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by Alice Ross

Assembling shortcakes: (counter-clockwise) a pan of freshly baked shortcakes, a completed iced and decorated shortcake, a pitcher of cream, a bowl of prepared strawberries the accompanying coffee pot, all set on a cool cookstove.

 

When the June strawberries ripened they were a sure sign that the welcome warm weather would
usher in a long season of summer fruits and berries. It wouldn’t have been springtime without strawberries, and it wouldn’t have been strawberry season without shortcake. Only ask your oldest relative. and hear how good they were in those years when one only ate local fruit in season and then waited another eleven months for the season to come around again. 

One
gorged on each treasured flavor, knowing its time was limited, and found just the right vehicle for each—wonderful dishes and serving pieces, special pans, and of course, recipes. It was in this context that strawberry shortcake first made its appearance. It may be dated back to Eliza Leslie, an early nineteenth-century food writer with a penchant for introducing French elements into good American home cooking. She recommended a special pastry crust, a slightly sweetened cross between pastry and cookie dough.

This was rolled somewhat thicker than traditional pie crust, and cut into rounds (Ladies’ New Receipt Book, 1850). After baking and cooling as one would with large thick cookies, each was split into thin, crusty rounds that doubled as a rich pie or tart shell. The mashed and sweetened strawberries were sandwiched in between, and then, according to the fashion of the day that required elegantly molded and decorated assemblages, the entire confection was iced with common sugar icing and garnished lavishly with the lovely fruit. No whipped cream here yet.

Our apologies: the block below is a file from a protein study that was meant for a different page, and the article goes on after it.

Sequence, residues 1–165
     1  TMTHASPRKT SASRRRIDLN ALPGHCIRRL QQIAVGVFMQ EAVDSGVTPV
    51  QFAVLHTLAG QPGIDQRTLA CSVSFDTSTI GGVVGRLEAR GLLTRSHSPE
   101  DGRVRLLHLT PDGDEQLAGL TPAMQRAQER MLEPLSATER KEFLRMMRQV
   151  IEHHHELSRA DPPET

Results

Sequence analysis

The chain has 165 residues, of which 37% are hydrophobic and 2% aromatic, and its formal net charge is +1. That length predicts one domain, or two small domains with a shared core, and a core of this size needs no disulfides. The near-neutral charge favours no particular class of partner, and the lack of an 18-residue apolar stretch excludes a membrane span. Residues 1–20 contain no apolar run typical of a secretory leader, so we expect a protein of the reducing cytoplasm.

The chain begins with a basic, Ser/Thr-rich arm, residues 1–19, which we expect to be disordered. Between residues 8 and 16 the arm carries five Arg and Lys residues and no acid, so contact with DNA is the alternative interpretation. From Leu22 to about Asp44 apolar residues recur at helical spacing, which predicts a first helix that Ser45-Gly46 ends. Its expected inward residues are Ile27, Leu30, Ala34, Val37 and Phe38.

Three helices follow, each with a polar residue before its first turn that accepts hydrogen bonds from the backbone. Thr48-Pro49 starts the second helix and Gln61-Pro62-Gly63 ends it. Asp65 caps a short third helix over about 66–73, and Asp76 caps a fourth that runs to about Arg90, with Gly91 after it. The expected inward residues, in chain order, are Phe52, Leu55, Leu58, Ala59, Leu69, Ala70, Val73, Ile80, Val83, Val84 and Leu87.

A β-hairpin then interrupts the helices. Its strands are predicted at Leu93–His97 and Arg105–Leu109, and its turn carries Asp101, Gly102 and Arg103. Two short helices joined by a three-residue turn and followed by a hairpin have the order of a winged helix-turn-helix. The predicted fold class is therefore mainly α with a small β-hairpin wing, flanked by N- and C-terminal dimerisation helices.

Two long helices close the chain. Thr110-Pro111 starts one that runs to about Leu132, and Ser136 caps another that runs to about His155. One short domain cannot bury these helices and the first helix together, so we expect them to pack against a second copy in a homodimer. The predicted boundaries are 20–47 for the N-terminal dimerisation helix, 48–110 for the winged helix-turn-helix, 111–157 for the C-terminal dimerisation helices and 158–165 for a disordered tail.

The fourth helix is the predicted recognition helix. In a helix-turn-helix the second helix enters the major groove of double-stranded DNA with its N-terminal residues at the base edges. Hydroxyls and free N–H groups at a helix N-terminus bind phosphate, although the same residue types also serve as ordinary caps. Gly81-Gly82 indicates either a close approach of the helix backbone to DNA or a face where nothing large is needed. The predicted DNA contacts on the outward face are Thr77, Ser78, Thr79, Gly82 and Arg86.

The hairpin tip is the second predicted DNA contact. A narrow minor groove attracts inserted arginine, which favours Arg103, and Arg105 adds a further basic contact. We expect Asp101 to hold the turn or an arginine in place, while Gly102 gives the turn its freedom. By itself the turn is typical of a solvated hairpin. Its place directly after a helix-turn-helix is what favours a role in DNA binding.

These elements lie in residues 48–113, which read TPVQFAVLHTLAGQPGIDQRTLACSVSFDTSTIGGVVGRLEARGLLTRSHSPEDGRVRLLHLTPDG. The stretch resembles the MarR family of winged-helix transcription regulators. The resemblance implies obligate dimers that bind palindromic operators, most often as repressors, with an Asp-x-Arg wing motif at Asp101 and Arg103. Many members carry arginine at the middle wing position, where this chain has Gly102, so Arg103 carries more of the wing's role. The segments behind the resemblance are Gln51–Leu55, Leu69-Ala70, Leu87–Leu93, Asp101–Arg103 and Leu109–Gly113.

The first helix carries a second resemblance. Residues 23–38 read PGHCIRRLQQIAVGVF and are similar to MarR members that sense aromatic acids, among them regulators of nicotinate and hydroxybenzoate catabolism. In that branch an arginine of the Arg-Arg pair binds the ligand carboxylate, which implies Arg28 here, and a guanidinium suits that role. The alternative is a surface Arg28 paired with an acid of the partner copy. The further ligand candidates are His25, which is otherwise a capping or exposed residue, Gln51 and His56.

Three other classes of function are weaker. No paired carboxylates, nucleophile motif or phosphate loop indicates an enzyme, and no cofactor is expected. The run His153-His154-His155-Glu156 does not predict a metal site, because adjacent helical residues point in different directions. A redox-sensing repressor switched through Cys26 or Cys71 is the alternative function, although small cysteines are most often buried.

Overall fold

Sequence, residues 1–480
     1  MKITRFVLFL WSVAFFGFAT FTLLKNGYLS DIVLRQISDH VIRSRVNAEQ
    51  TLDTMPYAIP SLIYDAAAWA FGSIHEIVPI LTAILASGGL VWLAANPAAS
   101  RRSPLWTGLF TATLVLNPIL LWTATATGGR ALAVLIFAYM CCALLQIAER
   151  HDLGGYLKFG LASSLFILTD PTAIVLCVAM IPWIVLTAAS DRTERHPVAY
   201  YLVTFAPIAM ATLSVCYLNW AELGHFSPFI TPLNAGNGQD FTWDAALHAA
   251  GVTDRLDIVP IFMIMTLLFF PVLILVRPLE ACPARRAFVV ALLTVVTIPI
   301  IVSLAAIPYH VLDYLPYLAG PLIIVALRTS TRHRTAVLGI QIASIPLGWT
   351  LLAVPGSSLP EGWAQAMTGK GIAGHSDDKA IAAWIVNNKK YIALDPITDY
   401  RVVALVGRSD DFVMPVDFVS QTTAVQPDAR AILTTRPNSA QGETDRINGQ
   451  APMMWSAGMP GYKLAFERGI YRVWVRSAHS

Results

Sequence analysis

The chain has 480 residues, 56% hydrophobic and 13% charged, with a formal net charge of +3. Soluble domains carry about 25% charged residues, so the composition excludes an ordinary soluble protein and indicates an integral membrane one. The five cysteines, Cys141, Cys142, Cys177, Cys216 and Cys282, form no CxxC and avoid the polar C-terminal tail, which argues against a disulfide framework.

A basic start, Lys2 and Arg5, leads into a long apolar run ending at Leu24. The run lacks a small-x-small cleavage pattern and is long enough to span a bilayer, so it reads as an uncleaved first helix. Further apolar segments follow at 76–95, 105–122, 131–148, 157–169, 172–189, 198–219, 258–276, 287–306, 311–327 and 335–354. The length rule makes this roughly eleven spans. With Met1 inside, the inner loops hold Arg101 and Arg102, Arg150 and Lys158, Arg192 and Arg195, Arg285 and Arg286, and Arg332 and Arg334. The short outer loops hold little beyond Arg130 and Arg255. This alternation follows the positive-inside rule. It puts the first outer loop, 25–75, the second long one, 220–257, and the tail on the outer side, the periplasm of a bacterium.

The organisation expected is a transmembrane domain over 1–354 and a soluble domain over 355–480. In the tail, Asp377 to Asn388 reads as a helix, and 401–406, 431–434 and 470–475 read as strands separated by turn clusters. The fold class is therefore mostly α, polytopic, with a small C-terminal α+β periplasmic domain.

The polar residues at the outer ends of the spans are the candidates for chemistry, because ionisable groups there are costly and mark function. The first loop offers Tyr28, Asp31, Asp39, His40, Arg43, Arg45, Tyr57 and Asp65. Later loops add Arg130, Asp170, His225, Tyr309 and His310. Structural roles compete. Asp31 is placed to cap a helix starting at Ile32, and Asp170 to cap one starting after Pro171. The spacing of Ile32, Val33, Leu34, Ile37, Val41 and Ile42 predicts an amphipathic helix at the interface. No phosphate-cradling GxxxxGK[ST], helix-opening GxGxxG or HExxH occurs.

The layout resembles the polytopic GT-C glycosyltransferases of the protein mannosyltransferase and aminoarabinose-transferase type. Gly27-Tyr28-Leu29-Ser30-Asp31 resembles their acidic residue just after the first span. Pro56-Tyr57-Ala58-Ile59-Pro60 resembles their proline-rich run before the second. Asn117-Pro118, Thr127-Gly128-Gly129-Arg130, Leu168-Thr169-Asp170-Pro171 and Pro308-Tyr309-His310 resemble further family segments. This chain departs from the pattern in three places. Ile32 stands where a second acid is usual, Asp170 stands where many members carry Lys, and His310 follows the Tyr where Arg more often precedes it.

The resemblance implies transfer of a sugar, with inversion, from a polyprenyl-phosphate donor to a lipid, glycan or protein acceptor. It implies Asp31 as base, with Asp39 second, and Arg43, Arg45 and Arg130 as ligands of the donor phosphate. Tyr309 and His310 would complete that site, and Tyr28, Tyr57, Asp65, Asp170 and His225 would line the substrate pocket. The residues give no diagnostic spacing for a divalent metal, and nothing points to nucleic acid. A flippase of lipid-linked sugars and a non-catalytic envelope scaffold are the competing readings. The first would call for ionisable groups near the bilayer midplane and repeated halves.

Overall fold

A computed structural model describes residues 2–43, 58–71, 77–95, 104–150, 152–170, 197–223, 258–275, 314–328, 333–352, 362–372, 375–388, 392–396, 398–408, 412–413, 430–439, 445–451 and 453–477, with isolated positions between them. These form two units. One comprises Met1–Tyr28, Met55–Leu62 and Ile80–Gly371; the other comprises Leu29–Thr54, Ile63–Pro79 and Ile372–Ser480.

The innovation was so wonderful that other summer fruits were pressed into similar service. When strawberries were no longer in season they were succeeded by cherries, raspberries, blackberries, blueberries and peaches. What better way to enjoy the precious fresh treasure, unspoiled by cooking. In the course of time, Leslie’s lovely crusts gave way to other versions: light raised biscuits, slabs of rich pound cake and even Angel Food cake, and the icing was replaced with heaped toppings of berries and whipped cream. 

In Jennie June’s American Cookery Book (1798), Mrs. Croly noted that the new whipped cream variation was "the method of making at the finest city restaurants." And Miss Parloa added a layered alternative with a meringue topping. Anything was possible, what with the combination of convenient cook stoves, inexpensive sugar, burgeoning urban centers and markets and increased leisure for entertaining.